Apples are a delicious and versatile fruit, and whether you grow them inside a polytunnel or elsewhere in your garden, can be a great addition to almost any growing area, large or small. But a mature apple tree can provide such an abundance of fruit that it can be difficult to know what to do with it all. Making apple butter is one, wonderful way to use up a glut and to preserve apples for use later in the year.
Selecting and Preparing Apples For Apple Butter
Almost any apple varieties can be used to make apple butter. Generally, cooking varieties rather than dessert apples are used, as these tend to break down more fully in the cooking process to create a smooth buttery consistency for the condiment. But should you wish to make a healthier apple butter then you could consider using sweeter apples and deducing or even forgoing sugar in the recipe.
The healthiest and simplest apple butters simply slow cook apples (sometimes with a little cinnamon or other spices) to bring out the natural sugars and do not require any additional sweetener. Such apple butters will not generally keep for more than a week or two in the fridge, but can be a great healthy snack idea for you or your family.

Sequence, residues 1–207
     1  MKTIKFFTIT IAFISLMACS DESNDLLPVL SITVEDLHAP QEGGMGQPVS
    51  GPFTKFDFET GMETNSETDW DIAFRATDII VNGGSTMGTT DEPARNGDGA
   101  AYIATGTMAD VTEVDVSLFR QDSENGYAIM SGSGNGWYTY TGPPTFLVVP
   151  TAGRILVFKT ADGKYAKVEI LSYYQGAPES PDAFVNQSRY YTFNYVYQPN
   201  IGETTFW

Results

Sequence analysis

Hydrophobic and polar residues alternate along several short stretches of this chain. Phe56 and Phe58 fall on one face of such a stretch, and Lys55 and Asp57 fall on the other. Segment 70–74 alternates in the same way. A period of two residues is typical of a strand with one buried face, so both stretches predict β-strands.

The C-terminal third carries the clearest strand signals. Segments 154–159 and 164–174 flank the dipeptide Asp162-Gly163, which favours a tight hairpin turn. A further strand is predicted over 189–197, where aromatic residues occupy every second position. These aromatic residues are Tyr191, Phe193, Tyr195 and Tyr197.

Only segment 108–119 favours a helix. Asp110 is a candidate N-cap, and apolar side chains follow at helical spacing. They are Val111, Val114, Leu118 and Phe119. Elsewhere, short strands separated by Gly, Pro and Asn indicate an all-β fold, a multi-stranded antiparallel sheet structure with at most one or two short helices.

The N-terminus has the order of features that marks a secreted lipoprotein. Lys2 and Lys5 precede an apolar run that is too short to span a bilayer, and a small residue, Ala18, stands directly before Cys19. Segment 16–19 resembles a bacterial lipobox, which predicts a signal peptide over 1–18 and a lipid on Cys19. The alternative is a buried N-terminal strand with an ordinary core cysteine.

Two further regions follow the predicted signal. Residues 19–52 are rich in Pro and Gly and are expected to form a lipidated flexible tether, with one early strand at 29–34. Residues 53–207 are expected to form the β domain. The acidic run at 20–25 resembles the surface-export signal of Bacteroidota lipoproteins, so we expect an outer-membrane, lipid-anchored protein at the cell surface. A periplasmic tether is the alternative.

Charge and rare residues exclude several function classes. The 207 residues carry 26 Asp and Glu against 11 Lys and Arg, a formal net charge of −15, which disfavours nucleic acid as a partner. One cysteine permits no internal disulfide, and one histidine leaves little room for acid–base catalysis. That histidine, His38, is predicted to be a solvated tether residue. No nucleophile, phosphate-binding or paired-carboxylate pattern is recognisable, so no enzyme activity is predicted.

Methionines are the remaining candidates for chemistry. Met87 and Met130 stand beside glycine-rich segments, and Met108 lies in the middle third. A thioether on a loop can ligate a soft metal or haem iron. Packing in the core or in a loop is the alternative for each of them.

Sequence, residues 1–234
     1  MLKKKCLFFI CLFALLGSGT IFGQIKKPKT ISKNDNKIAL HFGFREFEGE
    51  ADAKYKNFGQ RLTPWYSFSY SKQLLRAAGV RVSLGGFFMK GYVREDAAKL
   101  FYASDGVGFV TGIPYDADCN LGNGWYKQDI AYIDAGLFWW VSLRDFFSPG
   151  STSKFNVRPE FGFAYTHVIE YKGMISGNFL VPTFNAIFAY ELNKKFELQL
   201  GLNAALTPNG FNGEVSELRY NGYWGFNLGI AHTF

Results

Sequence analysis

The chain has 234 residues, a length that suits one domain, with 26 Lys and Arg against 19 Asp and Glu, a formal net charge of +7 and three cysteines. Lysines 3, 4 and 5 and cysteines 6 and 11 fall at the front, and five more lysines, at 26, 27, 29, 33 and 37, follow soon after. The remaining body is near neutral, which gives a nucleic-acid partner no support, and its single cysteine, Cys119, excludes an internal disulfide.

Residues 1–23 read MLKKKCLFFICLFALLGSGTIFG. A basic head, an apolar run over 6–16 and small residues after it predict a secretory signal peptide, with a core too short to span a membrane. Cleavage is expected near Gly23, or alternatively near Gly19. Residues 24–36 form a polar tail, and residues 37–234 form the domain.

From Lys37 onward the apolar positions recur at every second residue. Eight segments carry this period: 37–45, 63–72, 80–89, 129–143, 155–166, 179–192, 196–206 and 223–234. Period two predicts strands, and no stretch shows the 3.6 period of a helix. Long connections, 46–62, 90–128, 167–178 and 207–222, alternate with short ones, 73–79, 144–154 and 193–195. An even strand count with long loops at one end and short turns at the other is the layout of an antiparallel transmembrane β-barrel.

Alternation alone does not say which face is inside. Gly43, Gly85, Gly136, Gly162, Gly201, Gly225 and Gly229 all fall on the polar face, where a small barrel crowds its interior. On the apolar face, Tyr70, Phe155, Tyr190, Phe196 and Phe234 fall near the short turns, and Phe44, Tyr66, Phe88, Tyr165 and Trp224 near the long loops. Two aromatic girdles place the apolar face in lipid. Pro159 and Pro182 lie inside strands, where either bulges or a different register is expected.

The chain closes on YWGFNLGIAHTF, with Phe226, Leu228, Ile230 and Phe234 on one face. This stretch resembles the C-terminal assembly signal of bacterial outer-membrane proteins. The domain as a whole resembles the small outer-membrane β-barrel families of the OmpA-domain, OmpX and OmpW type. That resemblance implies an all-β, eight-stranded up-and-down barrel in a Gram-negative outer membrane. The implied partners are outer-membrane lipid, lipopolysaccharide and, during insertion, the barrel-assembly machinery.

How to make apple butter
You can make apple butter on the stove top in a slow cooker or a large ceramic pan, or in your oven in a casserole type pan. The apples are first cored and stewed with skin on, then blended. If sugar is to be added, and spice, then these are then added to the pureed stewed apples. The mix is then slow cooked until the sugars caramelise and the mix turns a deep brown.
Putting Apple Butter in Jars and Storing Your Apple Butter
The resulting smooth and butter-like heavily reduced apple sauce can then be placed into jars (these can be sterilised by placing them in the oven at a low temperature for around 20 minutes). If you have used sugar in the apple butter then these jars can be stored somewhere cool and will keep for months for use over the winter. If you have not used sugar then you can keep the butter in the fridge for a week or two, or freeze batches for later. You can also prolong the life of non-sugared apple products by pasteurising them in a hot water bath.
Apple butter is delicious spread on bread for breakfast, with pancakes or in a range of puddings and cakes. It is sure to be a firm favourite with the whole family.
Have you made this from your home-grown apples? Share your own tips or your own favourite apple butter recipes in the comments below.
Elizabeth Waddington is a writer and green living consultant living in Scotland. Permaculture and sustainability are at the heart of everything she does, from designing gardens and farms around the world, to inspiring and facilitating positive change for small companies and individuals.
She also works on her own property, where she grows fruit and vegetables, keeps chickens and is working on the eco-renovation of an old stone barn.